But I'd love to know the details, despite the fact that I probably won't understand half of it! (haven't done physics in a year and at GCSE level you really don't do interesting stuff like this.)
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    It's impossible to say, either there will be enough mass to generate enough gravity for the big crunch, not enough mass and so it will continue forever, always expanding; or it will be equal to the outward force and stay in a steady state.

    No one of those is more likely than the others, but I have a feeling deep down inside me that we will crunch one day, does anybody else wake up with that crunchey feeling sometimes?
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    (Original post by irisng)
    Hiya! Was it RobbieC who started this thread? One thing - it sounds like an extremely interesting thread, but the trouble is, half the people probably won't be able to even reply to this thread cus they don't do physics! And some others are the ones who aren't interested - which really does cut down the amount of replies you're gonna get! I'd love to know more about all this big bang, crunch, quantum theory (in one word, physics) stuff - but care to explain the details and new theories that will enable one to understand the thread and therefore reply? Cus so far all I can say is "depends on the density blah blah blah" - there isn't anything more interesting being commented.

    But I'd love to know the details, despite the fact that I probably won't understand half of it! (haven't done physics in a year and at GCSE level you really don't do interesting stuff like this.)
    I'm doing physics but so far have only done it at GCSE, so sorry but I don't know all the complicated facts.
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    (Original post by irisng)
    Hiya! Was it RobbieC who started this thread? One thing - it sounds like an extremely interesting thread, but the trouble is, half the people probably won't be able to even reply to this thread cus they don't do physics! And some others are the ones who aren't interested - which really does cut down the amount of replies you're gonna get! I'd love to know more about all this big bang, crunch, quantum theory (in one word, physics) stuff - but care to explain the details and new theories that will enable one to understand the thread and therefore reply? Cus so far all I can say is "depends on the density blah blah blah" - there isn't anything more interesting being commented.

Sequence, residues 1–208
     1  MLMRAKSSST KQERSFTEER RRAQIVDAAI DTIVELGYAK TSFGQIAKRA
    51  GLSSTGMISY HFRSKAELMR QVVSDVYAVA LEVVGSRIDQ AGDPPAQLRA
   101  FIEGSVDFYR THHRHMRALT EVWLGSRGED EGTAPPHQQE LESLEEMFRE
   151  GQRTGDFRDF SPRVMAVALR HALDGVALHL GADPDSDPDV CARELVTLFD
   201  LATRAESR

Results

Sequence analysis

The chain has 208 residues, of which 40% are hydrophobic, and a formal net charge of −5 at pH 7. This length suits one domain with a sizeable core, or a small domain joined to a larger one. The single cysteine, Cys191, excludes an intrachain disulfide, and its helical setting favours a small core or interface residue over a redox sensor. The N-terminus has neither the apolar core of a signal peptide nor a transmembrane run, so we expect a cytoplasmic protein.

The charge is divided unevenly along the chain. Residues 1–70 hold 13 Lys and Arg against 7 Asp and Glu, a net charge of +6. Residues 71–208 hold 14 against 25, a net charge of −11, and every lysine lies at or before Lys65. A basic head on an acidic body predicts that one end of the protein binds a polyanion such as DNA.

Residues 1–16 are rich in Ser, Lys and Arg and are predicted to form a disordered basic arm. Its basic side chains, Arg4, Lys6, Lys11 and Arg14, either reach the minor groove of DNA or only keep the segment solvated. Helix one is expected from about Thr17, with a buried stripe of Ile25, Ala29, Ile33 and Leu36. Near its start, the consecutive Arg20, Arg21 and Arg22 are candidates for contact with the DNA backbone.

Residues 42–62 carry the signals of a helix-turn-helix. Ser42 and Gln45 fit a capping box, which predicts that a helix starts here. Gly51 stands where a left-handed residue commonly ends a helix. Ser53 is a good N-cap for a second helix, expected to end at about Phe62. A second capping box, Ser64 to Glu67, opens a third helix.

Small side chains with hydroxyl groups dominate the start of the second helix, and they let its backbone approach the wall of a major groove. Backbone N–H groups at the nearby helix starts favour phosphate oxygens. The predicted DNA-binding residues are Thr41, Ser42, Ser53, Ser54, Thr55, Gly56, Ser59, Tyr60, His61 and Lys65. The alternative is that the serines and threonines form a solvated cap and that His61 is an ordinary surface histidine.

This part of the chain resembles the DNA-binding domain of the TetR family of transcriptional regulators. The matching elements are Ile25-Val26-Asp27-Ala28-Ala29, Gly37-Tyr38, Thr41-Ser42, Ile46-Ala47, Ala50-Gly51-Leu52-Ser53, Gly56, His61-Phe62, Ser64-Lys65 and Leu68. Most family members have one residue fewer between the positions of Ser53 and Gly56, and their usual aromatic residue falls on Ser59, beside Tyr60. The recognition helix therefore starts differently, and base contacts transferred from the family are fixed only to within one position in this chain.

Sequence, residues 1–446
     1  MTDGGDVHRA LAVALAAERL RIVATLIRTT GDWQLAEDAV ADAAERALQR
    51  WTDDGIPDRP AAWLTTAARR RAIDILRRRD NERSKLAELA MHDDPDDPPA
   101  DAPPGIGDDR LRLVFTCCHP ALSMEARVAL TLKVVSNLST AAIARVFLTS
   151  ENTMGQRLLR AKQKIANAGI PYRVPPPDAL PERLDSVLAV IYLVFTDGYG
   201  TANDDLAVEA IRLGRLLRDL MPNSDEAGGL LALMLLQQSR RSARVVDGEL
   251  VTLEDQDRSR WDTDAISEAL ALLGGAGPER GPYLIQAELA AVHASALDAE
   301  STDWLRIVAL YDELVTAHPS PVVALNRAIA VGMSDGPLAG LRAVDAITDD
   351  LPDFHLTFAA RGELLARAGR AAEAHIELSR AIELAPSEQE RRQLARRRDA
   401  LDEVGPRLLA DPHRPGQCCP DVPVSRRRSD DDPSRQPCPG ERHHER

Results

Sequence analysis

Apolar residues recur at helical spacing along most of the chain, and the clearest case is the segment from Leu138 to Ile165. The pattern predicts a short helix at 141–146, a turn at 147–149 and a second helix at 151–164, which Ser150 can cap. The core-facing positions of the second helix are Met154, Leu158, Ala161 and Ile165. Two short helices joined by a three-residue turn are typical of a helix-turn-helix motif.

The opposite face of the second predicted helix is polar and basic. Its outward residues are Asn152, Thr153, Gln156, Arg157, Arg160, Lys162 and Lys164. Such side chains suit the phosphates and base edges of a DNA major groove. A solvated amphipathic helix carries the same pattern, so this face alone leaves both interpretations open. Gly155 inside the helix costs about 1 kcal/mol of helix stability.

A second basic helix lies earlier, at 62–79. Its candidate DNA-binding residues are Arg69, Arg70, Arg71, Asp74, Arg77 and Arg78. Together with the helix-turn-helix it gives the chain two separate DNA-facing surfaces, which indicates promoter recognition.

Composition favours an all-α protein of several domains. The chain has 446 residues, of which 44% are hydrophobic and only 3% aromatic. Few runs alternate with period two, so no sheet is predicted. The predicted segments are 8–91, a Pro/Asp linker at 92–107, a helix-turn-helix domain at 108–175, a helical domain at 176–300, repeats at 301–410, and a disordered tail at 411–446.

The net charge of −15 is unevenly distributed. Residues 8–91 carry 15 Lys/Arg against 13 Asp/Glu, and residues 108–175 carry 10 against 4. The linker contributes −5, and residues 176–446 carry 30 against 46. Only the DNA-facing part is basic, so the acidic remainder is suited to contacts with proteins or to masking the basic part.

But I'd love to know the details, despite the fact that I probably won't understand half of it! (haven't done physics in a year and at GCSE level you really don't do interesting stuff like this.)
    Here's the story... and soneone will probably correct me on it, but oh well.

    Gravity pulls things together. Because of it, masses and energy are attracted. So we'd expect the force on the things in the universe to make them come inwards.

    In the early 20th century Hubble discovered that galaxies' redshifts were proportional to their distances - as redshift is a measure of velocity, so this basically means the further away a galaxy is from the Earth, the faster away it is travelling. Picture this in your head and wind back time... the most sensible argument is that everything began in a bang going outwards from the Earth's point.

    But then why are we so special to be in that point? We aren't... in truth we think that wherever we would stand in the universe, we would still see the same thing - everything moving away from us. The most common analogy is the balloon - stand on the surface of a giant balloon and when someone blows it up, you'll see everyone else move away faster. The main drawback is that this is a 2d example... only a 2d coordinate system is needed to give any position on the surface of the balloon. This is a good model of the big bang.